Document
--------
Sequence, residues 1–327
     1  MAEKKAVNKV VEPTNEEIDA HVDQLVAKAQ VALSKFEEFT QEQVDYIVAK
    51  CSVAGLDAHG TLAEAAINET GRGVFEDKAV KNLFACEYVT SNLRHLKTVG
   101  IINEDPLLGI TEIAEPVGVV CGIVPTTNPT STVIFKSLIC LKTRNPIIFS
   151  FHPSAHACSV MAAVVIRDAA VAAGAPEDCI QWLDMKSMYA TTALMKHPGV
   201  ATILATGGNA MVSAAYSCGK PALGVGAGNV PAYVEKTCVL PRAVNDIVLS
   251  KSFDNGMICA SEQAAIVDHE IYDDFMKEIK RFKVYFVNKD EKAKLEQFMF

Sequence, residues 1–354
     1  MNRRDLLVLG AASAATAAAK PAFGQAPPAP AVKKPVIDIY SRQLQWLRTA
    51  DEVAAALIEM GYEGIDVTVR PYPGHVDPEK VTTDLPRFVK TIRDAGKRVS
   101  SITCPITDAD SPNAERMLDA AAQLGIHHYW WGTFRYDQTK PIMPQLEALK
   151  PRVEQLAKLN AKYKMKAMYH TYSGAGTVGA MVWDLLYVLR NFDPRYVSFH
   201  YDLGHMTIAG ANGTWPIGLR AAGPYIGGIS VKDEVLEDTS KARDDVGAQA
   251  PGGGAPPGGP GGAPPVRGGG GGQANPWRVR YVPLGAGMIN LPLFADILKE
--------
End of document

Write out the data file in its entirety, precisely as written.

Sequence, residues 1–327
     1  MAEKKAVNKV VEPTNEEIDA HVDQLVAKAQ VALSKFEEFT QEQVDYIVAK
    51  CSVAGLDAHG TLAEAAINET GRGVFEDKAV KNLFACEYVT SNLRHLKTVG
   101  IINEDPLLGI TEIAEPVGVV CGIVPTTNPT STVIFKSLIC LKTRNPIIFS
   151  FHPSAHACSV MAAVVIRDAA VAAGAPEDCI QWLDMKSMYA TTALMKHPGV
   201  ATILATGGNA MVSAAYSCGK PALGVGAGNV PAYVEKTCVL PRAVNDIVLS
   251  KSFDNGMICA SEQAAIVDHE IYDDFMKEIK RFKVYFVNKD EKAKLEQFMF

Sequence, residues 1–354
     1  MNRRDLLVLG AASAATAAAK PAFGQAPPAP AVKKPVIDIY SRQLQWLRTA
    51  DEVAAALIEM GYEGIDVTVR PYPGHVDPEK VTTDLPRFVK TIRDAGKRVS
   101  SITCPITDAD SPNAERMLDA AAQLGIHHYW WGTFRYDQTK PIMPQLEALK
   151  PRVEQLAKLN AKYKMKAMYH TYSGAGTVGA MVWDLLYVLR NFDPRYVSFH
   201  YDLGHMTIAG ANGTWPIGLR AAGPYIGGIS VKDEVLEDTS KARDDVGAQA
   251  PGGGAPPGGP GGAPPVRGGG GGQANPWRVR YVPLGAGMIN LPLFADILKE